Tag Archives: Two Sessions

To the People of China:

Author Gary Moreau, aka Avam Hale in fiction

On the occasion of the “two sessions” legislative conferences recently convened in Beijing, China, government officials reviewed the accomplishments of the past and the challenges and the opportunities that lay ahead for the people of China. As an American businessman who lived and worked in China for nine years (2007-2016), I would like to offer my humble advice for consideration by the people of China observing this discussion. Specifically, my thoughts relate to the American experience and what China can and should not learn from it. I will limit my comments to five critical areas.

Democracy versus Socialism

Americans refer to their political system as a democracy and insist that this is the only form of governance that leads to long-term economic development and the protection of human rights. History does not bear this out.

If, by democracy, we mean one person, one vote, America is a democracy. But voting is only a process. If, by democracy, we mean that the interests of all people are represented, America is not a democracy. It is an oligopoly controlled by, and operated for the benefit of, the commercial class of corporations and banks and the people who manage them and/or benefit from their wealth.

America has two political parties—the Republican and the Democratic parties—but both are built on an ideological foundation of individualism. The Republicans emphasize competition among individuals while the Democrats emphasize inclusion among individuals. Both, however, are defined by individualism and both, as a result, require a hierarchy that is ultimately controlled by individuals of wealth.

Socialism, by contrast, is a form of collectivism, built around the ideal of the common good. As a single party, the Communist Party of China (CPC) must assume responsibility for all Chinese; rich and poor, old and young, man and woman, Han or minority.

Capitalism versus Socialism

Americans believe we live and work in a free market economy. This, too, is a false conviction. The American economy is heavily regulated. The government sets the minimum wage and applies rules for overtime pay, child employment, and other labor issues. It also sets standards for worker health, safety, and environmental protection and strictly controls who can practice what profession.

The supreme economic regulator in the US, however, is Wall Street. It is the large private banks and the other owners of capital who ultimately regulate the US economy for their benefit. Washington, as a practical matter, provides little more than office space for the capital class to perpetuate the charade that the economy is regulated in the interests of all Americans.

The Chinese economy, of course, is also regulated. All hierarchies are. In China, however, the state is both the regulator of record and fact. Beyond the obvious benefit of transparency, the Chinese approach to economic regulation has two distinct advantages. The first is the fact that the government maintains a national industrial policy that guides economic development in a direction that maximizes the benefit for all Chinese. And the government provides specific regulatory representation for workers in an effort to protect their individual rights and adjudicate when any worker believes he or she has been mistreated or harmed.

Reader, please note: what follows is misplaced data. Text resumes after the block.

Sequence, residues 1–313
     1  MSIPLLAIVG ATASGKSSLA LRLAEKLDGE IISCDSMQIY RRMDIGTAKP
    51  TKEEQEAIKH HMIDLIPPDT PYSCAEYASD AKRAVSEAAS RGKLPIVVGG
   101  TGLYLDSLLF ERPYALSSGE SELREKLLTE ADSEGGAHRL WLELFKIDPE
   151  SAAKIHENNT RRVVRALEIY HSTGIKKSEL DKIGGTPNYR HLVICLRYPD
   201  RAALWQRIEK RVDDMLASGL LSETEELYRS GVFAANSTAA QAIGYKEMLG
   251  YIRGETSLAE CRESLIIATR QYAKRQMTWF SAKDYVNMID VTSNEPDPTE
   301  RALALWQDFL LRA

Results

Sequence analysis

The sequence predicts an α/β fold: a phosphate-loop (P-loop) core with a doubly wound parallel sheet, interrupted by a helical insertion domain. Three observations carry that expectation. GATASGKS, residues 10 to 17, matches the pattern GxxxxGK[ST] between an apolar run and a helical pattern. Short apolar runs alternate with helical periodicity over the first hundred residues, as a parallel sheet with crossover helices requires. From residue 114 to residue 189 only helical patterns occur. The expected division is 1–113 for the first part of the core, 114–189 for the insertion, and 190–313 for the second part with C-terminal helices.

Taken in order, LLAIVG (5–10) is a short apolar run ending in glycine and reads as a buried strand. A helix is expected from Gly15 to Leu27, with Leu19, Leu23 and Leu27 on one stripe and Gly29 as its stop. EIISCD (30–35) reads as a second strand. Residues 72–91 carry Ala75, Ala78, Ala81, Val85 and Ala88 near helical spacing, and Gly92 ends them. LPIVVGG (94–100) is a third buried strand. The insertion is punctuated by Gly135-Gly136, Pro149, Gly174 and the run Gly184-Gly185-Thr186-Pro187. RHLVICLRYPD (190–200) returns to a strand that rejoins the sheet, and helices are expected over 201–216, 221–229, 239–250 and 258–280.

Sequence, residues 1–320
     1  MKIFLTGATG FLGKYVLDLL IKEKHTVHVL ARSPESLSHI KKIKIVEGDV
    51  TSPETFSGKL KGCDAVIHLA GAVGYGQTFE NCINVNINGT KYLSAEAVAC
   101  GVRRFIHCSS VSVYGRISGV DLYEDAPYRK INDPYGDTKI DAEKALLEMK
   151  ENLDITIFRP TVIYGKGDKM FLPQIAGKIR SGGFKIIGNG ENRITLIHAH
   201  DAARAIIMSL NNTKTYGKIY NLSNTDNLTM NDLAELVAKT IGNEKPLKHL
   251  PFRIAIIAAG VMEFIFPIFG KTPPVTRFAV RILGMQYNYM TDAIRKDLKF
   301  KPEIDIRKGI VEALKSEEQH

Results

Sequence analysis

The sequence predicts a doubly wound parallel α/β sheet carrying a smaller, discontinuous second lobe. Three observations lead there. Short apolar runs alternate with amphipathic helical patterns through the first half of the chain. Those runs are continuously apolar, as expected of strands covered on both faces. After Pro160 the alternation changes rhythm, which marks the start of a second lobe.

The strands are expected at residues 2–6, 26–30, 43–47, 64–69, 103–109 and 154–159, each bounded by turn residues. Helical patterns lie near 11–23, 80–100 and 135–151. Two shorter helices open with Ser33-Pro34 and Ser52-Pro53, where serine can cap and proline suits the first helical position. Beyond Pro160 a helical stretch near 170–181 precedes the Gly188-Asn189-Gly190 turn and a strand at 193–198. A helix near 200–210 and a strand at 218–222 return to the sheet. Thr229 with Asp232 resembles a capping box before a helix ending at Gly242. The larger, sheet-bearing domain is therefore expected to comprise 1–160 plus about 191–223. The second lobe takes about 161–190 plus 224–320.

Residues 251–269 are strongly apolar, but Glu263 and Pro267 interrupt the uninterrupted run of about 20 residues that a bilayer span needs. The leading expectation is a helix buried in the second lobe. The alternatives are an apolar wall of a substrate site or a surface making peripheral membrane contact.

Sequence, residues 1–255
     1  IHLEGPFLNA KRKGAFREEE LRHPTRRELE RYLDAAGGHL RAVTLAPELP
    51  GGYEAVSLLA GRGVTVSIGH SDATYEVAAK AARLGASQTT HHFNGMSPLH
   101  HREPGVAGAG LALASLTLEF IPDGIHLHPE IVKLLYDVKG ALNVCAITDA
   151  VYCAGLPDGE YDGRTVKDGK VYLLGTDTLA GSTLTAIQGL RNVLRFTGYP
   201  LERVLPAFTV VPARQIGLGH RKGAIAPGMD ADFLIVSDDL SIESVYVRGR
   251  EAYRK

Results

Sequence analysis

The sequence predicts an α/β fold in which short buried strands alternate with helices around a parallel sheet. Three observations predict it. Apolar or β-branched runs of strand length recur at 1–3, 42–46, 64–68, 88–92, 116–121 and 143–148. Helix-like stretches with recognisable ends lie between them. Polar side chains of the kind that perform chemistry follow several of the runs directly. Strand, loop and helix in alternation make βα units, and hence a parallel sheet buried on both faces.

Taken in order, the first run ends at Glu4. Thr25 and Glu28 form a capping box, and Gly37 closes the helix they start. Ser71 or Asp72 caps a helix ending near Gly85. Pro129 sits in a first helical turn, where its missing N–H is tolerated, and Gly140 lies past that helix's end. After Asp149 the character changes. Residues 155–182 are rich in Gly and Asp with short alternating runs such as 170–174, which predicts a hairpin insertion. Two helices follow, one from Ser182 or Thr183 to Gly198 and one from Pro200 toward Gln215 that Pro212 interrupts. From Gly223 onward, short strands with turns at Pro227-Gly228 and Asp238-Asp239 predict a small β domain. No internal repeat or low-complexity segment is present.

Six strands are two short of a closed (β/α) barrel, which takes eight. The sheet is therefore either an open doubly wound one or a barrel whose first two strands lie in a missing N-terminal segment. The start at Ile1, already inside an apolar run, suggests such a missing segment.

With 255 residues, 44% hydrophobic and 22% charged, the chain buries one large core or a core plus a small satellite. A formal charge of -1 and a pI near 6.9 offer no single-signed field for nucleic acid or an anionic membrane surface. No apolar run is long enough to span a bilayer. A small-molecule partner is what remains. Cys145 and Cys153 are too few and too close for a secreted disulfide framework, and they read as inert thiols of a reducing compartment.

The biggest difference is not in the amount of regulation, but its purpose. In China, companies are regulated for the benefit of the common good. In the US, while there are some minimal regulations to protect the environment and the workers, most regulations, including those that make it extremely difficult for workers to organize into collective unions for their personal protection, exist for the benefit of management and investors.

The First Amendment

Public information flows are famously unregulated in the US. In China, by contrast, they are openly regulated and censored by the government.

Information is power. Of that there is little doubt. But is all power good? And, if not, who gets to decide which is good and which is not? Is political disinformation good? Are fake news or alternative facts good? Is cyber-bullying good? Is revenge porn good? Does digital anonymity ultimately serve progress or destruction?

In China, at least, everyone knows who is censoring information and why (i.e. a perceived threat to political or social stability). In the US, by contrast, we have no idea what goes into the algorithms that Big Tech uses to determine what information actually enters the echo chamber and gets seen, and what information gets buried behind the mask of informational democracy.

Ultimately, information flows in the US follow personal fame, the human face of information. But fame is neither inherently good nor bad. It is, however, arbitrary. Are the famous gatekeepers of American social media any more responsible or informed than government officials? Both can obviously be compromised. But is fame or wealth a defensible source of political legitimacy? History would say not.

Available in paperback and Kindle versions
click here for paperback
click here for electronic

The Rule of Law

This is a double-edged sword. The US boasts the largest population of incarcerated men and women in the world. And African-American and Latino men make up a disproportionate share of that population when, in fact, studies have shown that their involvement in the most common illegal activities, like drug use, are not fundamentally different than that of other ethnic groups.